A person’s life can change in an instant due to one quick act of negligence. It’s an unfortunate situation and those injured are often left with long-term effects and questions about what they can expect to come next.
No matter the situation, any person who has sustained an injury can consider it serious. However, under personal injury law matters, some of the injuries sustained may be considered worse than others. These are labeled as catastrophic.
Catastrophic injuries are those that have a tremendous impact on the injured party’s life, often resulting in the need for lifelong care. Below, we detail the various forms of catastrophic injuries, the acts of negligence that may cause them, and what steps those injured can take to pursue justice.
This includes the following:
If you’ve suffered a catastrophic injury due to negligence, call our firm today at (800) 900-0863.
For more information on these types of injuries, continue reading below.
The idea of suffering a traumatic brain injury can be daunting for anyone. In some cases, this can be as simple as a concussion, but there are some forms of TBIs that can be much more catastrophic, including intracranial hematomas, skull fracture, contusions, diffuse axonal injury, and more.
TBIs are most likely categorized in two ways: penetrating or closed. A penetrating brain injury is one in which the outer layer of the meninges is penetrated—such as when objects enter the skull. A closed brain injury occurs when the dura stays intact and are further broken down into mild, moderate, or severe.
A mild traumatic brain injury is often associated with the following symptoms:
- Loss of consciousness—usually lasting a few seconds or minutes
- Difficulty with speech
A moderate traumatic brain injury may include physical symptoms such as:
- Loss of consciousness—usually lasting minutes or hours
- Repeated vomiting
- Numbness in fingers or toes
- Slurred speech
A severe traumatic brain injury may have symptoms including:
- Memory loss
- Damage to sensory functions
- Emotional changes
- Sleep disorders
- Difficulties with cognitive functions
Negligence is a leading cause in a traumatic brain injury. This includes motor vehicle accidents, acts of violence, medical malpractice, birth injuries, and even slip and falls. This means those injured, and their families, have legal rights following the injury to pursue legal action against.
When a fracture, dislocation, compression, or other damage occurs to the protection around the spinal cord, the party subject to the damage may suffer a spinal cord injury. While many forms of trauma can lead to a spinal cord injury, there are plenty negligent actions that can cause an SCI.
Spinal cord injuries vary, but it’s critical for those injured to understand the outcomes and what type of SCI they have sustained based on the location of the injury. Here are the different types of spinal cord injuries that may be sustained:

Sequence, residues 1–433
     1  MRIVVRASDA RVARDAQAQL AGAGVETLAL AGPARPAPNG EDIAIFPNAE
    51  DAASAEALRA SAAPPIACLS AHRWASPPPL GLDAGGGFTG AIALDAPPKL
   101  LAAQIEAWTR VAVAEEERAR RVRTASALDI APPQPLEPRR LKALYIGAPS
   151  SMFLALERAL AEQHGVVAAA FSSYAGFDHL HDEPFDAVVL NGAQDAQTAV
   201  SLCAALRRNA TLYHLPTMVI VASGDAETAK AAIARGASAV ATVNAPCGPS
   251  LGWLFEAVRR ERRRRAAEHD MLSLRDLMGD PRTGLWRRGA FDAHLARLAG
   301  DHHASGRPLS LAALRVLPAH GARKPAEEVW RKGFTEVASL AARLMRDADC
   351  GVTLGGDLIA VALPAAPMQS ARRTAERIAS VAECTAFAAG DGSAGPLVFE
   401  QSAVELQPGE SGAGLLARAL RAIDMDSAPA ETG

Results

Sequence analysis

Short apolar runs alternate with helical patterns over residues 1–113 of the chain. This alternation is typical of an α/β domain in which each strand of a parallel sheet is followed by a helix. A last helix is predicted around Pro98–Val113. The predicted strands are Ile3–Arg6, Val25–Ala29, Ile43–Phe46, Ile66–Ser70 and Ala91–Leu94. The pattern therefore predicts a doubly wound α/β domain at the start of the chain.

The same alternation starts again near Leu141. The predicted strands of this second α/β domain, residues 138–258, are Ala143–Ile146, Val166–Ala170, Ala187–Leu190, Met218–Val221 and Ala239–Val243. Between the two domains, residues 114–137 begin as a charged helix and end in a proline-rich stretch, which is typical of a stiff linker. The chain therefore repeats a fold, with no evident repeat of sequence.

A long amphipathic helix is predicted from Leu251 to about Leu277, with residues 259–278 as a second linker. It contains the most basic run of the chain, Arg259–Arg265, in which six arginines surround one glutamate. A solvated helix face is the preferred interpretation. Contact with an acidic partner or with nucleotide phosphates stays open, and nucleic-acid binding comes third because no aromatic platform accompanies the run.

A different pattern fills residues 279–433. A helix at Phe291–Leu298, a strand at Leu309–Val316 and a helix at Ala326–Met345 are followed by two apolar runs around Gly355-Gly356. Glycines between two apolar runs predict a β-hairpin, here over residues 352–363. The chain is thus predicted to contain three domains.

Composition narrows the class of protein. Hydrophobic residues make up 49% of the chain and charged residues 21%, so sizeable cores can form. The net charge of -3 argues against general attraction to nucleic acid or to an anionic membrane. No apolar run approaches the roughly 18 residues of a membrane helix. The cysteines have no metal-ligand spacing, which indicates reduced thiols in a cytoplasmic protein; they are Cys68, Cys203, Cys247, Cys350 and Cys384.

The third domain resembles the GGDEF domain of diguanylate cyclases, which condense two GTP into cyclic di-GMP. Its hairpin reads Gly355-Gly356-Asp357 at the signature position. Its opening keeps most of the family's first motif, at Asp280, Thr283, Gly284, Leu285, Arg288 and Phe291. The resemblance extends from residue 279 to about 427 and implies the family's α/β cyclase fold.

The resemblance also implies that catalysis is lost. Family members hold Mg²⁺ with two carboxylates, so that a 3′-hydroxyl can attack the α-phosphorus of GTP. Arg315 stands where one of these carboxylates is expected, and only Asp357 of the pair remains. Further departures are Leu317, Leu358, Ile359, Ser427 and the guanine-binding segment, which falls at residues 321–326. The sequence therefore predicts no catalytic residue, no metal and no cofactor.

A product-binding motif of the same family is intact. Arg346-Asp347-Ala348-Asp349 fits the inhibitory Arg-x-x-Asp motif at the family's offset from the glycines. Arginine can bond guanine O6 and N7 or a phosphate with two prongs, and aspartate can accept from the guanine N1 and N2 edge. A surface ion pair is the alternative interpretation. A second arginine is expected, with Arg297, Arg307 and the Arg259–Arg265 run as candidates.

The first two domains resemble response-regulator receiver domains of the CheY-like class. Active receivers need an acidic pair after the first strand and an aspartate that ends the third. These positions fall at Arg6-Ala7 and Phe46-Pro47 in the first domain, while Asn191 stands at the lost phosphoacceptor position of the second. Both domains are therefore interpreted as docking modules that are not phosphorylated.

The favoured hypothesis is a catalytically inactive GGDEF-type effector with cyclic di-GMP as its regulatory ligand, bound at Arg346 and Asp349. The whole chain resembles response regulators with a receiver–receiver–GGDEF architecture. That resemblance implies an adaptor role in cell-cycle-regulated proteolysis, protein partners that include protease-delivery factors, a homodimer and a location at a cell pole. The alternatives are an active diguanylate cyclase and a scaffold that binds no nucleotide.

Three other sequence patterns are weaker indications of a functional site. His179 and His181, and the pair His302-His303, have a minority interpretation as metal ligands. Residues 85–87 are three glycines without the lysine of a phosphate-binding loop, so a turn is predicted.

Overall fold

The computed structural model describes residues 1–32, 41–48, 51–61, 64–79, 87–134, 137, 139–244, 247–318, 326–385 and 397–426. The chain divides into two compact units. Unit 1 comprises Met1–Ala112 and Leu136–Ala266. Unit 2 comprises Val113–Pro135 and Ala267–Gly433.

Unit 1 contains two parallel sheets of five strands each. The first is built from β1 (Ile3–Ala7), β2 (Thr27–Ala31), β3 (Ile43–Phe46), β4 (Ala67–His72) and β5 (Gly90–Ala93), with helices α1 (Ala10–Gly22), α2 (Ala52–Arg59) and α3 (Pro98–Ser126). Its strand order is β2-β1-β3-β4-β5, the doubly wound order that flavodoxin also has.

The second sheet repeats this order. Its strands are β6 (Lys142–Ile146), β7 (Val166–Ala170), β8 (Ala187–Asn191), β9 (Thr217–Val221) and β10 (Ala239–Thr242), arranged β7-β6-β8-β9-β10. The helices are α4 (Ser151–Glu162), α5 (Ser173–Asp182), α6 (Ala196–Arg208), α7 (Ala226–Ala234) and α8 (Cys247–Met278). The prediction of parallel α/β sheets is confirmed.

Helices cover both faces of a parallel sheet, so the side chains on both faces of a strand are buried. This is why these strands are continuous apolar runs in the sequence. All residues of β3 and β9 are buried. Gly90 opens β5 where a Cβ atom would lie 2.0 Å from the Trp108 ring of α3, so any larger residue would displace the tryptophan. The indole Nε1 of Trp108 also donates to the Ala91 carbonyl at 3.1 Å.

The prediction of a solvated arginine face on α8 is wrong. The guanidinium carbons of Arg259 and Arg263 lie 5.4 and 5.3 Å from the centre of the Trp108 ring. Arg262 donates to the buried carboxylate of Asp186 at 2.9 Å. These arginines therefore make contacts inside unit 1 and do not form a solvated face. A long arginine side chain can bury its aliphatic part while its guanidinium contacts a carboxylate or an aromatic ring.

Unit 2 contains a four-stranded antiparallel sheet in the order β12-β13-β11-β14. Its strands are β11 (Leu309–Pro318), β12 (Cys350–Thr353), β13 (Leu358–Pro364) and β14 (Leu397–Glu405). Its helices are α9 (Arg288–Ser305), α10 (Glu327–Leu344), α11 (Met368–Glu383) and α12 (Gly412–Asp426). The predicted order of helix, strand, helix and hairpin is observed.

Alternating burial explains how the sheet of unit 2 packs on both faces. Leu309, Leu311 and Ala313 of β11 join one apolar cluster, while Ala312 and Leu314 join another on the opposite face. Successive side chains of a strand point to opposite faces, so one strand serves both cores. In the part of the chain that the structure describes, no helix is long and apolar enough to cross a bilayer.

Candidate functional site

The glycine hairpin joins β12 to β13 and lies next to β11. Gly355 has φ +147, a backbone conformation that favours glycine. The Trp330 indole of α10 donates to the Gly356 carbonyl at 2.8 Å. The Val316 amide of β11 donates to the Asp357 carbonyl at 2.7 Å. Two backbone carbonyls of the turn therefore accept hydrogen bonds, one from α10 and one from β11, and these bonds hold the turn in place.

- Cervical Spinal Cord Injury: An injury between the C1 and C8 can result in a cervical spinal cord injury, which may result in quadriplegia. This is the area of the spinal cord responsible for sending signals to the neck, shoulders, arms, back of the head, and hands.
- Thoracic Spinal Cord Injury: A thoracic spinal cord injury is the result of a T1 to T12 injury. These injuries are not as common because of the location, but they can result in paraplegia—or paralysis or weakness of the legs.
- Lumbar Spinal Cord Injury: An injury between the L1 and L5 can result in paraplegia, which can cause the injured individual to experience sensation loss and difficulty with bowel and bladder control. Most of the time, the upper extremities will not be affected.
- Sacral Spinal Cord Injury: When damage occurs between the S1 and S5, the individual may experience some weakness or paralysis in the legs and / or hips. The primary damages, though, result in loss of bowel and bladder functions.
Typically, spinal cord injuries may be categorized as complete or incomplete. Complete means that the individual experiences a full lack of function below the level of the injury. An incomplete injury means that there may be some possible movement below the level of injury as not all communication to the brain is lost.
Burn injuries have the potential to have a lasting physical and mental impact on the injured party. Depending on the severity, the burn may cause significant damage to multiple layers of skin, as well as the muscle and tissue beneath the skin, and even bones or internal organs—depending on the cause.
Burns often leave visible scars and may require skin grafting to help the injured party recover. Typically, burns are categorized as first-degree, second-degree, and third-degree depending on what symptoms are being exhibited.
A burn may be considered thermal, radiation, chemical, friction, or electrical.
Other injuries that may be catastrophic include significant internal damage or amputations. In legal matters, they are any injuries that can cause long-term disability requiring exorbitant medical expenses, lost income, years of rehabilitation or psychological therapy, and more treatment.
Your Rights Moving Forward
If you or someone you love was catastrophically injured as a result of negligence, know that you have rights that need to be protected. You can seek compensation for the physical and emotional damages you sustained because of someone else’s reckless actions.
At Caputo & Van Der Walde, we take these cases very seriously because we know what it means to victims and their families. Dealing with any injury is difficult enough—when it’s considered catastrophic, the long-term impact can seem almost impossible to endure on your own.
Our San Jose catastrophic injury attorneys are prepared to stand by your side every step of the way. Trust that we are focused on your best interests and are completely dedicated to helping you secure the outcome you need and deserve.